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Fiction Ages 12+
Pages: 250
Themes: European history, intolerance, refugees
Publisher: Second Story Press
Pub Date: 23/Sep/2013
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The story that began in the novel Rachel's Secret continues in Rachel's Promise. With his drunken father out of work, fifteen-year-old Sergei leaves for a factory job in St. Petersburg. But factory life in 1904 Russia is unimaginably difficult, and Sergei soon joins the workers rebelling against inhumane conditions.

Forced to leave Russia because of continuing riots against Jews, Sergei's sweetheart, Rachel, takes the Trans-Siberian Railway across Russia to board a ship to Shanghai. Like Sergei, Rachel must abandon her studies and work to support her family.

Rachel and Sergei are both working to save enough money to move to America for a better life. Rachel's dream of becoming a journalist is encouraged by an unlikely friend in Shanghai, and Sergei becomes ever more embroiled in the politics of revolutionary Russia. Separated by thousands of miles, Sergei and Rachel cling to each other through letters, which become the brightest parts of their lives. Both hope for a future that will see them reunited and their dreams fulfilled.

The J. Weekly
"It reads like historical fiction, but much of Rachel’s Promise, the second book in Shelly Sanders’ 'The Rachel Trilogy,' is based on fact. Sanders’ grandmother Rachel eventually left Shanghai for San Francisco, enrolled at U.C. Berkeley and became the first Jewish woman to be accepted into the university’s science program, graduating in 1930."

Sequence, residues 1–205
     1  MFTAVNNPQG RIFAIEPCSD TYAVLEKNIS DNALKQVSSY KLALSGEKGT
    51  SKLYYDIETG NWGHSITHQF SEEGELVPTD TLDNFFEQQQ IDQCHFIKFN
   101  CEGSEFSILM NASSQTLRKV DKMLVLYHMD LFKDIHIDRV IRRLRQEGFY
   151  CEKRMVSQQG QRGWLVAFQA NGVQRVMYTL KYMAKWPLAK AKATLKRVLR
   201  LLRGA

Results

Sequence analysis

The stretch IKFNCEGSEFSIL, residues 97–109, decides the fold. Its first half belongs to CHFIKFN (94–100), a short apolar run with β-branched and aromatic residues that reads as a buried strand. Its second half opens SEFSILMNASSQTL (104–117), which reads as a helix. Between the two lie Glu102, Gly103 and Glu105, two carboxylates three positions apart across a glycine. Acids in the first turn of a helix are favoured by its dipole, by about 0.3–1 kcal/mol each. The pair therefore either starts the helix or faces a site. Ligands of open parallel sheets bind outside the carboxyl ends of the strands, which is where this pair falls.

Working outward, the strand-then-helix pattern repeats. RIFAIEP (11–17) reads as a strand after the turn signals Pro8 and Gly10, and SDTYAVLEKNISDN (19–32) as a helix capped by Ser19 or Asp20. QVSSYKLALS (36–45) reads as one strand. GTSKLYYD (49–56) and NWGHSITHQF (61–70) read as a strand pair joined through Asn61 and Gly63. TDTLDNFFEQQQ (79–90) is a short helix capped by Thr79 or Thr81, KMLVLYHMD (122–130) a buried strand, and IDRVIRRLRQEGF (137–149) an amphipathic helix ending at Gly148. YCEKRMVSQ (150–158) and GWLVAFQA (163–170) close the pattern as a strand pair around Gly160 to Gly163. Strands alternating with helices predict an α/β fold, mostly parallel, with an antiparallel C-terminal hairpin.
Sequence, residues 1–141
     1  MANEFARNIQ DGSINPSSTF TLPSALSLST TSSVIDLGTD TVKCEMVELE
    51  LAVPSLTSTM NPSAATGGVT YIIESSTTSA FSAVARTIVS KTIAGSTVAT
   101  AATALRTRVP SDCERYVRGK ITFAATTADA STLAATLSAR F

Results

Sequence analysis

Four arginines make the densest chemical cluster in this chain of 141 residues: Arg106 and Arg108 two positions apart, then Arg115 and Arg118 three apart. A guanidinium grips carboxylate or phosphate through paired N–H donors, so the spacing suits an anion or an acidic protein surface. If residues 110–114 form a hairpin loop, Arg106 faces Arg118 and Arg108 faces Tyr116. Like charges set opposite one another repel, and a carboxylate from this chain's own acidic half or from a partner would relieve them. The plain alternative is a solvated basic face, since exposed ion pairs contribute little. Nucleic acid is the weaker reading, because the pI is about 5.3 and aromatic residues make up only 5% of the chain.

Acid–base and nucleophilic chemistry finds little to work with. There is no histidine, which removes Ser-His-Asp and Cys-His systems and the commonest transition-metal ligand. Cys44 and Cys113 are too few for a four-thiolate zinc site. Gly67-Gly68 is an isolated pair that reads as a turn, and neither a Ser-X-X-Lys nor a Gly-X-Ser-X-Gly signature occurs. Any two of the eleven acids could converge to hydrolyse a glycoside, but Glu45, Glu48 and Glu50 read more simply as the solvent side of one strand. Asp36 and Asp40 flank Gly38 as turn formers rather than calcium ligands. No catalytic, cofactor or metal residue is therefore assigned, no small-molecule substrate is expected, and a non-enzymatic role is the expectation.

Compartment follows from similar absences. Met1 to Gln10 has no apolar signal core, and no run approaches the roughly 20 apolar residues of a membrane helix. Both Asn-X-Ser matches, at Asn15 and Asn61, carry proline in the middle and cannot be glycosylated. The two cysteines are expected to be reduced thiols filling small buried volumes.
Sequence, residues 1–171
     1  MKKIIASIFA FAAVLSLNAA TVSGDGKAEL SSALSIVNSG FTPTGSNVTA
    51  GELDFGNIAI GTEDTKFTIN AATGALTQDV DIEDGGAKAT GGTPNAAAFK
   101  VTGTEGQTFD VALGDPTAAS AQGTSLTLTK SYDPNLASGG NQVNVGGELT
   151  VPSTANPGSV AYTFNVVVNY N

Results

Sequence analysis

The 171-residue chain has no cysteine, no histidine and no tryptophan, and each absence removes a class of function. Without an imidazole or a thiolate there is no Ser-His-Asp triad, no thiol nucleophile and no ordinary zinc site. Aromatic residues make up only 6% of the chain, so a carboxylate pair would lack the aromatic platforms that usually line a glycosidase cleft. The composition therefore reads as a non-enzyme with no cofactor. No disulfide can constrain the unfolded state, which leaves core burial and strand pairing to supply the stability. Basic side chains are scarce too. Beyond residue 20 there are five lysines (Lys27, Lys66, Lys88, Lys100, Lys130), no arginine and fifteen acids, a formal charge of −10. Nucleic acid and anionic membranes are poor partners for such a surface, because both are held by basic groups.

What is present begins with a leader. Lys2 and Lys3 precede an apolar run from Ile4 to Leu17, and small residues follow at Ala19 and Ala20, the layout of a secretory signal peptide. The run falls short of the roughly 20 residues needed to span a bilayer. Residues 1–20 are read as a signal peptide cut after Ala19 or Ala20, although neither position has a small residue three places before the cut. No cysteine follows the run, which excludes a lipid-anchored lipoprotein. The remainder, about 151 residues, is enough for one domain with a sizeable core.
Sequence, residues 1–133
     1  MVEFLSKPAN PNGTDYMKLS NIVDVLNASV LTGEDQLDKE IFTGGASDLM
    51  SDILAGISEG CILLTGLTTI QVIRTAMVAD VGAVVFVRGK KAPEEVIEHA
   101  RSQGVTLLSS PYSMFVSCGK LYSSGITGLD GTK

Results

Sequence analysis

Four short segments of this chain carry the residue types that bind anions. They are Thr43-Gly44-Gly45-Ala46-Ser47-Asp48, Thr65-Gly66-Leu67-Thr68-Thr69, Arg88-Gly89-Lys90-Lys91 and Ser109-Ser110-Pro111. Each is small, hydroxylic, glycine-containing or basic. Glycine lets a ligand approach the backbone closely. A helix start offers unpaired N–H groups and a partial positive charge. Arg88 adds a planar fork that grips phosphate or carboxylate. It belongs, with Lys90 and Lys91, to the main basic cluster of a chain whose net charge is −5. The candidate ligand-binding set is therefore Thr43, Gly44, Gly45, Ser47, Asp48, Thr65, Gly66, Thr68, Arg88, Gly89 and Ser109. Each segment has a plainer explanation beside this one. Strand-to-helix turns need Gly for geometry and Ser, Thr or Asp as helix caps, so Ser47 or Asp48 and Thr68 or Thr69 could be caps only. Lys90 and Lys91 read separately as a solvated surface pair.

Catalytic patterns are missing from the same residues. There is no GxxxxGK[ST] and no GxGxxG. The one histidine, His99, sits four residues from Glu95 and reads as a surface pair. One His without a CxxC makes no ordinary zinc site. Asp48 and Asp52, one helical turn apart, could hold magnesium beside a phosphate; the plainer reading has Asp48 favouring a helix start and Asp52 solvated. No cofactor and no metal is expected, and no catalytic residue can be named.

CM Magazine
"The intense drama of each of these young people's stories provides an opportunity for Sanders to explore some fundamental questions about life...While their struggles may sound bleak and depressing, Sanders' characters are anything but. Rachel is an intelligent, loving young woman. Her courage and determination are clear as she seeks out opportunities to become a writer despite the many obstacles in her path. And while Sergei's struggle seems more desperate, he, too, inspires hope through his determination to do the right thing...Best suited to students with an interest in historical fiction...Highly Recommended."
Historical Novel Society
"A wrenching story of a Russian-Jewish family fleeing the pogroms of the early 20th century...Sanders combines her own family history with larger known historical events—the Russo-Japanese War, the organized strikes of pre-revolutionary Russia and the Jewish community that settled in Shanghai. The style, with its simple declarative sentences, makes this a fine choice for younger readers."

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